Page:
# electric-dipole
dipole_drv = vlx.ElectricDipoleIntegralsDriver()

dipole_mats = dipole_drv.compute(molecule, basis)

mu_x = -1.0 * dipole_mats.x_to_numpy()
mu_y = -1.0 * dipole_mats.y_to_numpy()
mu_z = -1.0 * dipole_mats.z_to_numpy()

def dipmom(D):
mu_e = np.zeros(3)
mu_n = np.zeros(3)

# electronic part
mu_e[0] = np.einsum("ab, ab", D, mu_x)
mu_e[1] = np.einsum("ab, ab", D, mu_y)
mu_e[2] = np.einsum("ab, ab", D, mu_z)

# nuclear part
for A, molecule_atom_label in enumerate(molecule.get_labels()):
R_A = np.array(molecule.get_atom_coordinates(A))
Z_A = element_charges[molecule_atom_label]

mu_n += Z_A * R_A

# total dipole moment
mu = mu_e + mu_n

return mu[2]

Hide code cell source
lrf_drv = vlx.LinearResponseSolver()

lrf_drv.ostream.mute()

lrf_drv.a_operator = "electric dipole"
lrf_drv.b_operator = "electric dipole"

lrf_drv.a_components = "z"
lrf_drv.b_components = "z"

lrf_drv.frequencies = [0.0]

Hide code cell source
qrf_drv = vlx.QuadraticResponseDriver()

qrf_drv.ostream.mute()

qrf_drv.a_component = "z"
qrf_drv.b_component = "z"
qrf_drv.c_component = "z"

qrf_drv.b_frequencies = [0.0]
qrf_drv.c_frequencies = [0.0]

qrf_drv.damping = 0.0

Hide code cell source
crf_drv = vlx.CubicResponseDriver()

crf_drv.ostream.mute()

crf_drv.a_component = "z"
crf_drv.b_component = "z"
crf_drv.c_component = "z"
crf_drv.d_component = "z"

crf_drv.b_frequencies = [0.0]
crf_drv.c_frequencies = [0.0]
crf_drv.d_frequencies = [0.0]

crf_drv.damping = 0.0


### Numerical differentiation#

Up to fourth-order numerical derivatives are calculated with use of a one-dimensional five-point stencil.

def numerical_derivatives(f):
# numerical differentiation based on the five-point stencil

d1 = (-f[2 * h] + 8 * f[h] - 8 * f[-h] + f[-2 * h]) / (12 * h)
d2 = (-f[2 * h] + 16 * f[h] - 30 * f[0.0] + 16 * f[-h] - f[-2 * h]) / (12 * h**2)
d3 = (f[2 * h] - 2 * f[h] + 2 * f[-h] - f[-2 * h]) / (2 * h**3)
d4 = (f[2 * h] - 4 * f[h] + 6 * f[0.0] - 4 * f[-h] + f[-2 * h]) / h**4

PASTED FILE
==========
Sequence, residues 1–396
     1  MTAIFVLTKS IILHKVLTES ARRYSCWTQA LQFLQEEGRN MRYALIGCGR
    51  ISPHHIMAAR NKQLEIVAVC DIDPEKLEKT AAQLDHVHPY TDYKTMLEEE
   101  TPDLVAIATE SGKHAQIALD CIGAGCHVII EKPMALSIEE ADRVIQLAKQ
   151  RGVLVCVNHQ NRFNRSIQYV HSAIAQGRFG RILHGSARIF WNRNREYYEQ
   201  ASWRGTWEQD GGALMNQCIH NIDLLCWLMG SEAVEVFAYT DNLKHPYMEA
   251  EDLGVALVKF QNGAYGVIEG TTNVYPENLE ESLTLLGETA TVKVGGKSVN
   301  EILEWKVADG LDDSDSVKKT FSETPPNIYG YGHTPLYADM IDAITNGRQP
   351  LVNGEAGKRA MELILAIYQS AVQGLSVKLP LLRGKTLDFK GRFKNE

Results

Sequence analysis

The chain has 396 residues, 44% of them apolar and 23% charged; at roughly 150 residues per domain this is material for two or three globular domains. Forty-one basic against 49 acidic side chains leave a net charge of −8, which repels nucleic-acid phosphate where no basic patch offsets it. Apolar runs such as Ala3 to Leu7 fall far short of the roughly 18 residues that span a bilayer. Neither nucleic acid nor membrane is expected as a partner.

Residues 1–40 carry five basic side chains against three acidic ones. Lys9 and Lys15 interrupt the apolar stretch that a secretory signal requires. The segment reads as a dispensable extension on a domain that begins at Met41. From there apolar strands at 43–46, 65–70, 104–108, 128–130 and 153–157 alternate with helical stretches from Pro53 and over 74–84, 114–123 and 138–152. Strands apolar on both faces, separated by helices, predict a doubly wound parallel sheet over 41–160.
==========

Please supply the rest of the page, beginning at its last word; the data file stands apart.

return (d1, d2, d3, d4)


### Field-dependent molecular properties#

The following static molecular properties are determined as functions of the strength, $$F$$, of the electric field applied along the positive z-axis:

• electronic energy, $$E(F)$$

• dipole moment, $$\mu_z^F$$

• polarizability, $$\alpha_{zz}^F(0;0)$$

• first-order hyperpolarizaiblity, $$\beta_{zzz}^F(0;0,0)$$

• second-order hyperpolarizaiblity, $$\gamma_{zzzz}^F(0;0,0,0)$$

E = {}
mu = {}
alpha = {}
beta = {}
gamma = {}

h = 0.001
field_strengths = np.linspace(-2, 2, 5) * h # five-point stencil

for F in field_strengths:
scf_drv.electric_field = [0.0, 0.0, F]
scf_results = scf_drv.compute(molecule, basis)

E[F] = scf_results["scf_energy"]

mu[F] = dipmom(scf_results["D_alpha"] + scf_results["D_beta"])

lrf_results = lrf_drv.compute(molecule, basis, scf_results)
alpha[F] = -lrf_results["response_functions"][("z", "z", 0.0)]

qrf_results = qrf_drv.compute(molecule, basis, scf_results)
beta[F] = -qrf_results[('qrf', 0.0, 0.0)].real

crf_results = crf_drv.compute(molecule, basis, scf_results)
gamma[F] = -crf_results[('crf', 0.0, 0.0, 0.0)].real


### Calculate derivatives#

dE = numerical_derivatives(E)
dmu = numerical_derivatives(mu)
dalpha = numerical_derivatives(alpha)
dbeta = numerical_derivatives(beta)


### Results#

print("-"*50)
print(f"{'Molecular properties':>40s}")
print(" "*10 + "-"*40)
print(f"{'Method':10s}{'mu':>10s}{'alpha':>10s}{'beta':>10s}{'gamma':>10s}")
print("-"*50)
print("Analytic derivatives")
print(f"{'':10s}{mu[0.0]:10.6f}{alpha[0.0]:10.5f}{beta[0.0]:10.5f}{gamma[0.0]:10.3f}")
print("\nNumerical differentiation")
print(f"{' -energy':10s}{-dE[0]:10.6f}{-dE[1]:10.5f}{-dE[2]:10.5f}{-dE[3]:10.3f}")
print(f"{' -mu':10s}{'':10s}{dmu[0]:10.5f}{dmu[1]:10.5f}{dmu[2]:10.3f}")
print(f"{' -alpha':10s}{'':10s}{'':10s}{dalpha[0]:10.5f}{dalpha[1]:10.3f}")
print(f"{' -beta':10s}{'':10s}{'':10s}{'':10s}{dbeta[0]:10.3f}")
print("-"*50)

--------------------------------------------------
Molecular properties
----------------------------------------
Method            mu     alpha      beta     gamma
--------------------------------------------------
Analytic derivatives
0.744762   9.34779  -6.73492   999.154

Numerical differentiation
-energy    0.744763   9.34779  -6.71196  1047.454
-mu                   9.34781  -6.73532   999.819
-alpha                         -6.73499   999.151
-beta                                     999.159
--------------------------------------------------


Using the results obtained with analytic derivatives as reference, we note that up to second-order derivatives are quite stable with the chosen thresholds of convergence (in the SCF optimization and response equation solvers) and strength of the applied field. Fourth-order derivatives are not reliable as seen in the result for $$\gamma_{zzzz}(0;0,0,0)$$ based on differentiation of the energy.